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CRITIQUE

U PON

M I L T O N's PARADISE LOST.

SPECTATOR, No 267.

Cedite Romani Scriptores, cedite Graii.
Give place, ye Roman, and ye Grecian Wits.

Propert.

HERE is nothing in Nature more irk. some than general Discourses, especially when they turn chiefly upon Words. For this Reason I Thall wave the Difcussion of that point which was started

some Years since, Whether Milton's 'Pa. radise Lost may be called an Heroic Poem? Those who will not give it that Title, may call it (if they please) a Divine Poem. It will be fufficient to its Perfection, if

it

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it has in it all the Beauties of the highest kind of Poe-
try; and as for those who alledge it is not an Heroic
Poem, they advance no more to the Diminution of it,
than if they should say Adam is not Æneas; nor Eve
Helen.

I shall therefore examine it by the Rules of Epic
Poetry, and see whether it falls short of the Iliad
or Æneid, in the Beauties which are essential to that
Kind of Writing. The first Thing to be considered
in an Epic Poem, is the Fable, which is perfect or
imperfect, according as the Action which it relates
is more or less so.

This Action should have three
Qualifications in it. First, It should be but One
Action. Secondly, It should be an Entire Action;
and Thirdly, It should be a Great Action. To con.
sider the Action of the Iliad, Æneid, and Paradise
Loft, in these three several Lights. Homer, to pre-
serve the Unity of his Action, haftens into the Midst
of Things, as Horace has observed : Had he gone up
to Leda's Egg, or begun much later, even at the
Rape of Helen, or the Investing of Troy, it is mani-
fest that the Story of the Poem would have been a
Series of several Actions. He therefore opens his
Poem with the Discord of his Princes, and artfully
interweaves, in the several succeeding parts of it,
an Account of every Thing material which relates
to them, and had passed before this fatal Diffenfion.
After the fame Manner, Æneas makes his first Ap.
pearance in the Tyrrhene. Seas, and within the Sight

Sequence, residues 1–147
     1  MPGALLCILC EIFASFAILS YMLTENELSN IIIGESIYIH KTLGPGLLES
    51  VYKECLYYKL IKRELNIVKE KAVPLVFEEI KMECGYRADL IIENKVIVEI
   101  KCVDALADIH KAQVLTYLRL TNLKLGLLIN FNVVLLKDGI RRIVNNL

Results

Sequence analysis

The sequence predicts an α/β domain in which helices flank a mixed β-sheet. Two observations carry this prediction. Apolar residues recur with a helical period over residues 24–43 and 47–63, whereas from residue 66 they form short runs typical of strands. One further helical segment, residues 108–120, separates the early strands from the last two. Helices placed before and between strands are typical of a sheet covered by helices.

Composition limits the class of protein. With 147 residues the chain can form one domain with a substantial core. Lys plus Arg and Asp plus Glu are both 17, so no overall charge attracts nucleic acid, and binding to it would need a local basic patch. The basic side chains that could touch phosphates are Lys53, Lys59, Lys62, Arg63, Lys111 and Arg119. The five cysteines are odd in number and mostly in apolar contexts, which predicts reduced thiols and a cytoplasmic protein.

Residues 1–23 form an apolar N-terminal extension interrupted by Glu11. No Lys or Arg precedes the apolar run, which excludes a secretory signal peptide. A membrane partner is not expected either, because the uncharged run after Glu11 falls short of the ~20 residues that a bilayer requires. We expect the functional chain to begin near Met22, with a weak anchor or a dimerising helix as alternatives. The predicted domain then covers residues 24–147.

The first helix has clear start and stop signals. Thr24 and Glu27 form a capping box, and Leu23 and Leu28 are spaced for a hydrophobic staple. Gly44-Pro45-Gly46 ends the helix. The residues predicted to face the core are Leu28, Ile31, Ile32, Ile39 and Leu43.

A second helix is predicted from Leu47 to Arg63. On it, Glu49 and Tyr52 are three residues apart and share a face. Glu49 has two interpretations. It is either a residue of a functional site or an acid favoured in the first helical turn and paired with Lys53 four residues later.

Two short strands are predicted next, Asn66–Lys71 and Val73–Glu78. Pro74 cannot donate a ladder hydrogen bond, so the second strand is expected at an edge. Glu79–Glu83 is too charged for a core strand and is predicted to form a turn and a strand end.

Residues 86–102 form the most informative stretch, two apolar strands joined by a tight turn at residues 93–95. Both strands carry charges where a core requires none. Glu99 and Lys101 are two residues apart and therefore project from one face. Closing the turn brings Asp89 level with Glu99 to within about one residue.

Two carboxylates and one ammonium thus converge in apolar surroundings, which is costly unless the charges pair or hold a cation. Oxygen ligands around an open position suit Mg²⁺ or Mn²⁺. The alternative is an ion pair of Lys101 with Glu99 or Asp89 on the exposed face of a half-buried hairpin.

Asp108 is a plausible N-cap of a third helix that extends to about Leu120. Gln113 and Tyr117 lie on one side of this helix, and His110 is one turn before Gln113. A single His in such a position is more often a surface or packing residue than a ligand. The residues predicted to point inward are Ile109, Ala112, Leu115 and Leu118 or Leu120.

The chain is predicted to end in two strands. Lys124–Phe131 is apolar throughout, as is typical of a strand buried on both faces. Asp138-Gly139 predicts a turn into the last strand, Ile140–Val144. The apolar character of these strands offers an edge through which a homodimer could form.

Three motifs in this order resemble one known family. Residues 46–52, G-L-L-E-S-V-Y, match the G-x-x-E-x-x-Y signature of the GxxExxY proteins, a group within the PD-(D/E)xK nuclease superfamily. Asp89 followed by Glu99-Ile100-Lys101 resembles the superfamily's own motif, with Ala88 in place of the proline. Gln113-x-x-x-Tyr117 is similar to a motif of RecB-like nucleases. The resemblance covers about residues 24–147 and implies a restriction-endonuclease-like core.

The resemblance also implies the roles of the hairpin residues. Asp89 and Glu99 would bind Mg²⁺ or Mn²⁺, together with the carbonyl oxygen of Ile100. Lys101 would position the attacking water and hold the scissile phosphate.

of Italy, because the Action proposed to be celebra-
ted was that of his settling himself in Latium. But
because it was necessary for the Reader to know what
had happened to him in the taking of Troy, and in
the preceding Parts of his Voyage, Virgil makes his
Heroe. relate it by way of Episode in the second
and third Books of the Æneid: the Contents of both
which Books come before those of the first Book
in the Thread of the Story, tho' for preserving of
thiş Unity of Action, they follow it in the Dispo.

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fition of the Poem. Millon, in Imitation of these
two great Poets, opens his Parad se Loft with an in-
fernal Council plotting the fall of Man, which is
the Action he proposed to celebrate; and as for those
Great Actions, the Battle of the Angels, and the
Creation of the World, (which preceded in Point of
Time, and which, in my opinion, would have en-
tirely destroyed the Unity of his Principal Action,
had he related them in the same Order
that they happened) he cast them in- Vid. the End
to the fifth, fixth and seventh Books, of Spectator
by way of Episode to this noble 327.
Poem.

ARISTOTLE himself allows, that Homer has nothing to boast of as to the Unity of his Fable, though at the same time that great Critic and Philosopher endeavours to palliate this Imperfection in the Greek Poet by imputing it in some Measure to the very Nature of an Epic Poem. Some have been of Opinion, that the Æneid also labours in this particular, and has Episodes which may be looked upon as Excrescencies rather than as Parts of the Action. On the contrary, the Poem, which we have now under our Con. fideration, hath no other Episodes than such as natirally arise from the Subject, and yet is filled with such a Multitude of astonishing Incidents, that it gives us at the same time a Pleasure of the greatest Variety, and of the greatest Simplicity; uniform in its Nature, though diversified in the Execution.

I must observe also, that as Virgil in the Poem which was designed to celebrate the Original of the Roman Empire, has described the Birth of its great Rival, the Carthaginian Commonwealth: Milton with the like Art in his Poem on the Fall of Man, has related the Fall of those Angels who are his professed Enemies. Beside the many other Beauties in such an Episode, its running parallel with the great Action of the Poem, hin. ders it from breaking the Unity so much as another Episode would have done, that had not so great an

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